North Carolina has been battling a growing opioid addiction epidemic. New Centers for Disease Control and Prevention data from North Carolina hospitals show the rise in intravenous drug use is also causing a sharp increase in the rate of heart infections. 

Worker at a vaccine manufacturing facility.
Sanofi Pasteur / Patrick Boulen / Flickr - Creative Commons

When German measles, or rubella, broke out in the U.S. in the 1960s, women were terrified about the disabling effects the disease could have on their unborn babies. Clinicians eventually developed a vaccine but would not administer it to pregnant women, believing it was too risky – a decision that led to thousands of abortions and a huge amount of stress and fear. 

Icy waterside
Belinda Novika Follow / Flickr - Creative Commons

A range of national and international events in the past decade have thrust conversations about race into the forefront of public consciousness. And with these conversations come questions about terminology like ‘whiteness’ and ‘blackness’. What is ‘whiteness,’ where did the idea of a ‘white race’ come from, and how has that idea changed over time? These are questions explored in “Seeing White,” a miniseries that is part of the podcast “Scene On Radio,” produced at the Center for Documentary Studies at Duke University.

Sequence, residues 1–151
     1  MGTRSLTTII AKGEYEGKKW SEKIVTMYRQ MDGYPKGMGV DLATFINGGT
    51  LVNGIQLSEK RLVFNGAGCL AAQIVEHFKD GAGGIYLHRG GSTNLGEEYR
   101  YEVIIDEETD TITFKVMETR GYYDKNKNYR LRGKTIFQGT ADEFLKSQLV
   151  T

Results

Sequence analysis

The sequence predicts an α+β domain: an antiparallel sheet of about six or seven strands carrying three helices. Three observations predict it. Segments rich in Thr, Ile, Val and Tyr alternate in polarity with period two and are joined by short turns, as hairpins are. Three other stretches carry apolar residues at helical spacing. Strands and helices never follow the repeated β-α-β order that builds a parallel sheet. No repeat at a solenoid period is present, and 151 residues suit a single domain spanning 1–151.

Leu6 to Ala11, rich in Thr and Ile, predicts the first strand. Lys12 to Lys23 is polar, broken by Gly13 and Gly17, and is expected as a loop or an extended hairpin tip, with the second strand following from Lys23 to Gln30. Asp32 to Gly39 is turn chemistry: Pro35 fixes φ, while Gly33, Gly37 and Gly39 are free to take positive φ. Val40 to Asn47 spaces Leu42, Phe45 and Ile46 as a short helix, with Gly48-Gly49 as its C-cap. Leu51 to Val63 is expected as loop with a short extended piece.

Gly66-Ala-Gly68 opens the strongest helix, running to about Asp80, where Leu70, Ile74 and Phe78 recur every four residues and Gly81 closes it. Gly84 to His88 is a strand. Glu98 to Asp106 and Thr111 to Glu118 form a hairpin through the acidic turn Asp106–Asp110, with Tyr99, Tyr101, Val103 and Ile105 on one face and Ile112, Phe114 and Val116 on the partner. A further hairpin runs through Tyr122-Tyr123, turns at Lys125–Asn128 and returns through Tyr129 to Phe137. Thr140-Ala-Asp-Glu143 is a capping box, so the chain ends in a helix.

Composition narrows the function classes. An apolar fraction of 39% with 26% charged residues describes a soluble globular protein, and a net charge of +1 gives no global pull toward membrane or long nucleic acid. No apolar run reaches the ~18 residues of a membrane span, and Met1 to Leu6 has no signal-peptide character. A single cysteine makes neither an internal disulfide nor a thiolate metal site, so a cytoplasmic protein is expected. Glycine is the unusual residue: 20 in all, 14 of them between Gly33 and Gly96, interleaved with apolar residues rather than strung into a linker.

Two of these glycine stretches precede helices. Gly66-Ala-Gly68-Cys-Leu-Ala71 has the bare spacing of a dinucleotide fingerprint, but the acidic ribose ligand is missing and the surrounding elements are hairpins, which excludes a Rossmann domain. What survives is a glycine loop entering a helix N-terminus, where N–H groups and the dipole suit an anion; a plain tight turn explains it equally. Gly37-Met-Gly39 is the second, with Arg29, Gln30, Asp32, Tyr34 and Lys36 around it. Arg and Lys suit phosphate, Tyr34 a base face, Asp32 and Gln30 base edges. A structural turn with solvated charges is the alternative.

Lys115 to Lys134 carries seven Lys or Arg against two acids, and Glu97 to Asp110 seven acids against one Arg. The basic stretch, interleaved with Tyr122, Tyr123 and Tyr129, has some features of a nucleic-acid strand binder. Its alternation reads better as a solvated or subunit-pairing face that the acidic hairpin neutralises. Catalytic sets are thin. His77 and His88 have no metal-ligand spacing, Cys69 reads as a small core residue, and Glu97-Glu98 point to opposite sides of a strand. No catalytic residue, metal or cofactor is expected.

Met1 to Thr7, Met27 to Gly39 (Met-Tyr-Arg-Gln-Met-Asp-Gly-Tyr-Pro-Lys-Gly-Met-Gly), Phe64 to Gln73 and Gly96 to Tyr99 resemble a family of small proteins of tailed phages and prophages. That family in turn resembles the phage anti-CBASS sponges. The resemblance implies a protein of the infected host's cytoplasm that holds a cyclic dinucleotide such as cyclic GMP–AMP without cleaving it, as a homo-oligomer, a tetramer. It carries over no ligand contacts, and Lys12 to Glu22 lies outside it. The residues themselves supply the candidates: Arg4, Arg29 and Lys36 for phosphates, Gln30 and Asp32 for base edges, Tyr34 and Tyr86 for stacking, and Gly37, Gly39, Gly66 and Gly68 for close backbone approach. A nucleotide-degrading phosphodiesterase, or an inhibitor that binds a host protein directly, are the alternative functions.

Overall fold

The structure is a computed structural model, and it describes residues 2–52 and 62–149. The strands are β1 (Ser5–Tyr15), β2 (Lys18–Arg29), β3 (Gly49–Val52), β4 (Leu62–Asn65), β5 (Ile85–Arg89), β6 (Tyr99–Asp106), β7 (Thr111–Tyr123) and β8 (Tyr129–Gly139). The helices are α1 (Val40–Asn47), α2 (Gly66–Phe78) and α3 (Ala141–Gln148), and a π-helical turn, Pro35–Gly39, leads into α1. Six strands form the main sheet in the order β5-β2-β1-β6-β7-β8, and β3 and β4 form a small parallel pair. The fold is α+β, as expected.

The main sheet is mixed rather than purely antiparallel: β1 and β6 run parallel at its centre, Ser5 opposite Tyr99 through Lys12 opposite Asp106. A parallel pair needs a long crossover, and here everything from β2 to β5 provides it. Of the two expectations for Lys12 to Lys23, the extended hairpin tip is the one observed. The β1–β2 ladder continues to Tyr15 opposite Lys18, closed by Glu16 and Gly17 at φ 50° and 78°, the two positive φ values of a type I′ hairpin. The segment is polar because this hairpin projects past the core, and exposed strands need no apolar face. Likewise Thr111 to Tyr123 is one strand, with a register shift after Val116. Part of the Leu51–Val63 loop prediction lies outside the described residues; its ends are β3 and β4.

An image of the gospel singer Mary D. Williams
Charlie Shelton-Ormond / WUNC

When Mary D. Williams was a kid growing up in Garner, North Carolina, she often visited her grandparents in Johnston County. She remembers passing a sign that said, “You are in the heart of Klan country” along the way. The sign was a visible example of the racism her grandparents endured in rural North Carolina.

Image of Ken Rudin, the Political Junkie
kenrudinpolitics.com

Senate Republicans released their plan to roll back the Affordable Care Act this week. The measure was drafted in secret and comes after the U.S. House of Representatives passed its own version of a health bill last month. The bill is expected to come to the Senate floor next week.


Picture of Margaret Maron
Bob Witchger / Margart Maron

In 1981, Margaret Maron published a mystery novel about NYPD homicide detective Sigrid Harald and her investigation of a poisoning. More than 35 years and 31 titles later, Maron felt she had one more story to tell before retiring from novel writing.


Loamlands